Rising new star Dustin Collins knows every stretch of road between Nashville and his hometown of Bardstown, Kentucky. For the past eight years, as he estimates, he wore out the Interstates, and likely several tires, on his frequent visits to Music City to pursue the country artist dream. During that time, Collins networked, met fellow writers and singers and took gigs at Tootsie’s Orchid Lounge, Honky Tonk Central and other staples of Nashville’s downtown scene. It was all part of his ongoing, and necessary, musical education.
“I’ve been back and forth for about the last eight years,” says Collins, seated in the office of his Nashville publicist. “I lived about two-and-a-half hours down the road so it wasn’t too hard to get to Nashville.” Collins made songwriter contacts and secured an opening slot on Aaron Watson’s Vaquero Tour. He’s also opened for Kane Brown, Chris Janson, the Kentucky Headhunters and other acts. He became confident enough to finally make the big move and become a Nashville resident, which he did about three months ago. “It’s been great,” he says with a smile. “Now, I’m getting to cash in on some of those networking contacts. I’ve been invited to do writers rounds and other different things. Everybody has just been so awesome.”
Collins is equally excited to have a new album under his belt, “It’s Been Awhile,” released on August 3rd. The seven-song project features his summery anthem “The Barn” along with the title track and “Cold Dead Hands,” the song that first garnered some serious attention for Collins. Of the seven cuts, Collins penned four completely by himself, somewhat of a Music Row rarity these days.
The usual Music Row way, as known to most, is the co-write, generally where an up-and-coming artist is paired with a seasoned songwriter. But for Collins, geography often dictated otherwise. “It’s not that I didn’t want to co-write,” he says. “But where I come from and where I was living, there was nobody to co-write with. There was a lack of options, you might say.” Collins shares that he started writing his own songs from the age of 15, but wouldn’t play them onstage. “I didn’t think they were good enough,” he explains. “I was about 26 before I started playing my own stuff. When I began coming to Nashville, I met some people that I could write with and I worked at being a better songwriter.”
Writing inspiration usually comes from real-life scenarios, situations either directly involving him or scenes that he’s observed. “The girl in the grocery store part of ‘It Always Starts With You’ was sort of based on a real incident,” Collins points out. “I was at a Walmart in Bardstown and this young girl was struggling to get through the checkout line. She had three kids hanging onto her. When she gets to the checkout, she finds out that she doesn’t have enough money to pay for what she has. And this nice lady behind her swiped her own card and paid for everything. That was one of the nicest things I’ve ever seen. The thing was, you could hear people complaining about the girl holding up the line. And I’m thinking, ‘Man, you know, have a little sympathy.’ I just think people should be better to each other and that’s where my head was at the time I wrote that.”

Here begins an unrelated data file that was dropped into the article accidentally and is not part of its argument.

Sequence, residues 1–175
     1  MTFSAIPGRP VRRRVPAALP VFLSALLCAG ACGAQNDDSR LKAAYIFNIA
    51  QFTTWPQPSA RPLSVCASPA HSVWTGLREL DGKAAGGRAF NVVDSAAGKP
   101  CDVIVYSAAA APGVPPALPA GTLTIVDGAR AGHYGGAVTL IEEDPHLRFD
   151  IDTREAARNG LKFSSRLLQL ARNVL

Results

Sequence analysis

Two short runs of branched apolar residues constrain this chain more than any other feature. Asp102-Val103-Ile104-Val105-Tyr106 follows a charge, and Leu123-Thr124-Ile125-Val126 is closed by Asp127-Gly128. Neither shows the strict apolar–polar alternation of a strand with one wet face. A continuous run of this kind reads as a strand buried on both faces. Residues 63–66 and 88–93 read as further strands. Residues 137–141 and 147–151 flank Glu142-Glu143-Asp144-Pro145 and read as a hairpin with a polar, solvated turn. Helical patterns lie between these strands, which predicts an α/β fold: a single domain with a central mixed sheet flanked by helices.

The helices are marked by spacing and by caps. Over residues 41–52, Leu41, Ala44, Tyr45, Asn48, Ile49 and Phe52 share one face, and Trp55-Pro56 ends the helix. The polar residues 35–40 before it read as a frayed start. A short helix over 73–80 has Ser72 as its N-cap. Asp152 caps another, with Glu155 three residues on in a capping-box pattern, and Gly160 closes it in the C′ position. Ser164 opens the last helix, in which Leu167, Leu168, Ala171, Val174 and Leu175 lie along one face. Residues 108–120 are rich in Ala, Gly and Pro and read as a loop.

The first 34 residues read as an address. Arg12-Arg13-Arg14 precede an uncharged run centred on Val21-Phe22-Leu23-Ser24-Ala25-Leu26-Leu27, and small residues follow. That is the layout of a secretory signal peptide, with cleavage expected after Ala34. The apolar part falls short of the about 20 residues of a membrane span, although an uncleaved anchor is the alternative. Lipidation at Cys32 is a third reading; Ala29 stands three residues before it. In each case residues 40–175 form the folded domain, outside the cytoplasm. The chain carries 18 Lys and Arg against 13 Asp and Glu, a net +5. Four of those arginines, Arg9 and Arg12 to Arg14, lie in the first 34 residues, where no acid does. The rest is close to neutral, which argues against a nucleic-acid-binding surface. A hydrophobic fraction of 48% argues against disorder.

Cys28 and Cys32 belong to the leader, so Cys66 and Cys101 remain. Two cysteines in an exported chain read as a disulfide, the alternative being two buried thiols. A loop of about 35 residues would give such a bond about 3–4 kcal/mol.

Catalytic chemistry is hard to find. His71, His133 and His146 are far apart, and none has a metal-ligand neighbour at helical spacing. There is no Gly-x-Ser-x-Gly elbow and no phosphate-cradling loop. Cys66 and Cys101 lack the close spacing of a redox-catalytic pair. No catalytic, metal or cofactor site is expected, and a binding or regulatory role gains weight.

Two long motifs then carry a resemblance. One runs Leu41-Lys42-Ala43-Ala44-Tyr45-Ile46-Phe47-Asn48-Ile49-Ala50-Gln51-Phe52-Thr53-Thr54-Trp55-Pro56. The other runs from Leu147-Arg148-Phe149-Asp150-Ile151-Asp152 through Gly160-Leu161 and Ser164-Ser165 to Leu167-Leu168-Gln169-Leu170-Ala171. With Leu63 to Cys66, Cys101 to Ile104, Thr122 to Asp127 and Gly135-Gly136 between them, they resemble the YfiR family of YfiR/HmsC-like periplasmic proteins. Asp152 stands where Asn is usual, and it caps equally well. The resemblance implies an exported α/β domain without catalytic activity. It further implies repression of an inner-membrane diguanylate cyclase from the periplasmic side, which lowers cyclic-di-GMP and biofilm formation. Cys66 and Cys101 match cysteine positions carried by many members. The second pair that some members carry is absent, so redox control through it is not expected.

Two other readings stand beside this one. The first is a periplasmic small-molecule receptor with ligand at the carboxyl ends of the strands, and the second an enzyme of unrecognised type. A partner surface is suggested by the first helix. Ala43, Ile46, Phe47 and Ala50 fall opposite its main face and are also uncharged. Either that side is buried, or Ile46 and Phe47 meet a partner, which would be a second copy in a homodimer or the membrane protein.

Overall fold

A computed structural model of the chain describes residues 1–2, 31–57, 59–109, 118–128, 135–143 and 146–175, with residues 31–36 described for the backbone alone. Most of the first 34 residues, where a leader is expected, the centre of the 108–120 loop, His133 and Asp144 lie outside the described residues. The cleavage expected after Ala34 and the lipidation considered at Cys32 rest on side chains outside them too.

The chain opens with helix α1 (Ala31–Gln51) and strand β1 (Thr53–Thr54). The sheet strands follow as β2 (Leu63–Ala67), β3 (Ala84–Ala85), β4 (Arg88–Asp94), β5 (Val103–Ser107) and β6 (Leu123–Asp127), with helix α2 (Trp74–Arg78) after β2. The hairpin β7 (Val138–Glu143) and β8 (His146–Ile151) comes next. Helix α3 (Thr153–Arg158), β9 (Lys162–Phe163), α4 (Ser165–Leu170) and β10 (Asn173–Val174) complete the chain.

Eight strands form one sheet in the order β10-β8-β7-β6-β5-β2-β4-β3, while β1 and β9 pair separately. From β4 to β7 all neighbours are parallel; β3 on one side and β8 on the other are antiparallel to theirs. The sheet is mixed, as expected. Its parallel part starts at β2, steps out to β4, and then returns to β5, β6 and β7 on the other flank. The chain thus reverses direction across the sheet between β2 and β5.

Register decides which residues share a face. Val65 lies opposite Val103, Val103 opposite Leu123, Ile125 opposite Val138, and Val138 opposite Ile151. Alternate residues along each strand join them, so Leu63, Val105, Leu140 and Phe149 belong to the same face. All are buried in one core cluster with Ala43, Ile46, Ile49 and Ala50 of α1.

The title track from the new album is a true story from beginning to end. Collins wrote it about a previous relationship, and slyly remarks that the real-life woman is out there somewhere and will know that it’s her. “When you can put yourself in your music,” he says, “it just helps you connect with your audience. I have written songs that were about made-up situations but I didn’t like them as much.”
With the new album and a now-permanent home in Nashville, Collins has plenty of reasons to celebrate. But he’s not one to rest on any past laurels. “I have already started working on the next record,” he says. “And I have been writing a lot. Sometimes, I can bust out three songs in one day, but most of the time, I try to get through at least one song per day. You can’t really master songwriting. It’s a continuous battle,” Collins adds, before offering up a bit of advice. “I know friends of mine who have multiple No. 1’s as songwriters and they still work at it every day. You just have to do what you do and try to be your best at it.”
Dustin Collins’ new album “It’s Been Awhile” is available now.
THREE QUESTIONS WITH DUSTIN COLLINS
S&E Nashville: Now that you’re a new Nashville resident, what are some of your favorites in town?
Collins: “Prince’s Hot Chicken Shack! I love that place. Biscuit Love is another one of my favorite places to eat. There’s a line sometimes to get in but they move you through pretty fast. Puckett’s in downtown has good food, too. On the music side, Tootsie’s is always a great spot.”
S&E Nashville: What are some of the things aspiring artists and writers need to know about Nashville?
Collins: “A smile and politeness still go a long way in Nashville. Do what you say you’re going to do, be on time and don’t cancel on people. I know some people who missed out on some opportunities because they didn’t show up for an appointment or they canceled. I was raised on being courteous and polite and being prompt so it wasn’t too hard for me to catch on. I like it that way. I love Nashville because of that.”
S&E Nashville: Any good road stories you can share?
Collins: “I was on Aaron Watson’s tour and got sick one night after I got hold of some bad tacos. We were in Knoxville, Tennessee, and I’m feeling terrible and sweating and everything. And I got up to the mic and said, ‘Hey, what’s going on, Birmingham?’ My bass player looks at me and goes, ‘Uh, you’re not in Birmingham. That was last night.’ That was about the worst 30 minutes of my life.”